Spirituality, as an “inner belief system”, is an important part of patients’ life, which helps to understand their needs better (Joint Commission on Accreditation of Healthcare Organizations, 2005, p. 7). To prove this, I reviewed different tools for spirituality needs assessment, particularly HOPE questions, Open Invite Mnemonic, and the FACT approach (LaRocca-Pitts, 2012; Saguil & Phelps, 2012). I also used the information from the article by Galek, Flannelly, Vane, and Galek (2005). After that, I came up with my own survey. Then, an interview with a forty-five years old Christian woman was conducted. The results and analysis are presented in the paper below.
The Interview Transcript
Interviewer: May I ask you about your spiritual needs and inner beliefs?
Interviewee: Sure, you may.
Interviewer: Okay, to start with, do you have any religious preference? Would you describe yourself as a religious person?
Interviewee: Yes, I am a Christian, and I would describe myself as a true believer.
Interviewer: Do you belong to any religious community of Christianity?
Interviewee: No, I do not feel the need, frankly.
Interviewee: For me, religion is something very personal, the source of hope, faith, and inner peace. I do not need to belong to any community to feel that. Surely, I still go to the local church regularly.
Interviewer: So, you would say that Christianity is your source of hope, strength, and comfort, wouldn’t you?
Interviewee: Yes, that is right. I also find it in my family, my hobby and passion, which is arts, and nature, sometimes. But all those things are closely connected to religion at a closer look.
Interviewer: Do you have your personal spiritual beliefs?
Interviewee: Surely, a lot of them. I believe in inner peace and inner good. I am sure that everyone is good by nature. Similarly, people are happy by nature – we just need to realize that. We need to understand that the journey itself is better than the destination. I am also sure that we are not alone, and everyone has his or her soul mates, who can be found in friends, spouses, children, and even complete strangers.
Interviewer: Great things to believe in! Finally, as for your medical situation, do your religion and spirituality help you to cope with illnesses and stresses? If so, how exactly?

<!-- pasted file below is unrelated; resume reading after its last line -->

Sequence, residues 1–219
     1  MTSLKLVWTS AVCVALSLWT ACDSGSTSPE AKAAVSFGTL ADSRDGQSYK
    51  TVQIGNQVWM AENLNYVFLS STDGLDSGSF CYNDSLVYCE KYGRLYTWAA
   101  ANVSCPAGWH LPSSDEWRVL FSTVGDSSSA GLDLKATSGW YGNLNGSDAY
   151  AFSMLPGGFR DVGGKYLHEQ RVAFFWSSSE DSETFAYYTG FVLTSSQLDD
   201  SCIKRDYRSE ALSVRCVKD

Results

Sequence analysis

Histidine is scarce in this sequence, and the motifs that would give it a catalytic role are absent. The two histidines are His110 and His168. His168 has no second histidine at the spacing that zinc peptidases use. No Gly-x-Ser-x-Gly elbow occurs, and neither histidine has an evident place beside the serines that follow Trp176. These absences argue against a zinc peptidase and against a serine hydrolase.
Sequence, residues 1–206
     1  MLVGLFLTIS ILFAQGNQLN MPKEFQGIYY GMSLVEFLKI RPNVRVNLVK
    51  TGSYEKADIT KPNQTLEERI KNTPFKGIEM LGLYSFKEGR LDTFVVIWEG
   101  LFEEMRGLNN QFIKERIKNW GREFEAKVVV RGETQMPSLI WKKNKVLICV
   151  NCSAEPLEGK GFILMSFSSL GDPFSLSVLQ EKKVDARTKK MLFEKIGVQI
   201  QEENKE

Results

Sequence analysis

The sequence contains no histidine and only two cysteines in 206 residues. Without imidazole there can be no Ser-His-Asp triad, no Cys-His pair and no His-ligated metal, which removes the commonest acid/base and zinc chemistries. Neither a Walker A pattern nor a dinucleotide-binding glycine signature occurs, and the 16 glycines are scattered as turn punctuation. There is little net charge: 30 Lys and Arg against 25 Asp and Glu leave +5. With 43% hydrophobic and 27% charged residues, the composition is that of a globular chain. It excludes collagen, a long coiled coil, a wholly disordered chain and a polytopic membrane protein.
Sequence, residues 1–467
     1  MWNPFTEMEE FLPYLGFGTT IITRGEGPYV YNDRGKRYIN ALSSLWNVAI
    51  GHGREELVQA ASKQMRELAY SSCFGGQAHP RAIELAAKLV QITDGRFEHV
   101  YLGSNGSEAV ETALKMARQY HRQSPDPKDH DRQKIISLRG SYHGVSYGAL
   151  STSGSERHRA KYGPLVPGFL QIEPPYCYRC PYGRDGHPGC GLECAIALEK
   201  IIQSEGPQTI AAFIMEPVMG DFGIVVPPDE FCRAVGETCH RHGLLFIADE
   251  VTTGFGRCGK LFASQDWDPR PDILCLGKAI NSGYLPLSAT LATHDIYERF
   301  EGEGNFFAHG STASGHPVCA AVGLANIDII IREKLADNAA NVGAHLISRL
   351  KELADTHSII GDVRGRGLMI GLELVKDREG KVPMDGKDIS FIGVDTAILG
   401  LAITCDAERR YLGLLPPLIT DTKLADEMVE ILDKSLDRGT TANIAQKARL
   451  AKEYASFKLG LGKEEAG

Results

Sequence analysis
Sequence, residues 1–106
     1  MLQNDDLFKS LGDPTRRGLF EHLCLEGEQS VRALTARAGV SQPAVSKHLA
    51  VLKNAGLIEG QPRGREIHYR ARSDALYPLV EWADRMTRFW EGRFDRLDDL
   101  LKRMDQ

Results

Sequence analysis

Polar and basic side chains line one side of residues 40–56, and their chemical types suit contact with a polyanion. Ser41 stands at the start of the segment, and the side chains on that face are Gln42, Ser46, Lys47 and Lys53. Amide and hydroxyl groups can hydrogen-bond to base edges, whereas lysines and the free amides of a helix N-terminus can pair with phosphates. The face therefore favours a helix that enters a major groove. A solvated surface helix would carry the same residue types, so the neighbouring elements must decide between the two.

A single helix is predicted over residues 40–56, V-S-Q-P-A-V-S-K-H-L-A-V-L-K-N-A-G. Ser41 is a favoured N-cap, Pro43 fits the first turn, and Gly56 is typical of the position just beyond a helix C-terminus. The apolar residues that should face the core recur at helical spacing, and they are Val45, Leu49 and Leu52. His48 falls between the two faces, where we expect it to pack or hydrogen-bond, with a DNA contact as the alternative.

Interviewee: Sure, they do. I believe that God does not give us more than we can handle. That gives me strength and hope to cope with my medical problems.
Interviewer: That is really good to hear! I wish all of us had such strength as you do. Thank you for the interview!
Analysis of the Interview
In general, I would conclude that the interview went well. My interviewee was attentive, ready to cooperate, interested in the conversation and even excited about it. Since the woman’s beliefs bring her a lot of positive feelings and thoughts, our conversation has been pleasant for her. It was great to see the twinkle in her eyes while we were talking. Also, she seemed really sincere.
With a lot of data available on the Internet, including both theoretical information and various assessment tools to use in practice, it was not hard for me to come up with my own set of questions. So, no challenges or problems were here. Using Open Invite Mnemonic described in Saguil and Phelps’s (2012) article, I decided to start the conversation with the first question in the transcript (May I ask you about your spiritual needs and inner beliefs?).
That opened the door to the conversation and made the interviewee feel involved and valued. The next several questions (about religious preference and religious community the woman does or does not belong to) are inspired by the HOPE tool, particularly the section O, which stands for the organized religion (Saguil & Phelps, 2012). Then, I asked the woman about personal spiritual beliefs, which is both mentioned in the HOPE set of questions (section P, personal spirituality and practices) and discussed in details in the article by Galek et al. (2005).
Finally, the FACT tool was used: the interviewee was asked how her spirituality affected her medical condition and whether or not it helped her to deal with illnesses and stresses (LaRocca-Pitts, 2012). Then, since the woman was positive about her medical condition and said that her religion did help her to cope with illnesses, I supported and encouraged her, as LaRocca-Pitts (2012) recommended to do. Considering this, I can say that health problems only amplify the spiritual concerns of my interviewee, instead of weakening those.
I think that the tool I developed addressed every question that needed to be answered to make a complete picture about the interviewee’s spirituality. The interview I have conducted will help me to meet the needs of my future patients better, since I realize now how important spiritual beliefs are and how much they can affect the patient’s attitude towards their medical condition and, consequently, their healing process. However, the woman I interviewed was very cooperative and answered all my questions sincerely. Perhaps, I will need some additional questions for people who are less ready to make contact. So, this is the first and principal thing that should be addressed in the future.
Galek, K., Flannelly, K. J., Vane, A., & Galek, R. M. (2005). Assessing a Patient’s Spiritual Needs: A Comprehensive Instrument. Holistic Nursing Practice, 19(2), 62-69.
Joint Commission on Accreditation of Healthcare Organizations. (2005). Evaluating your Spiritual Assessment Process: Asked and Answered. Web.
LaRocca-Pitts, M. (2012). FACT, A Chaplain’s Tool for Assessing Spiritual Needs in an Acute Care Setting. Chaplaincy Today, 28(1), 25-32.
Saguil, A., & Phelps, K. (2012). The Spiritual Assessment. American Family Physician, 86(6), 546-550.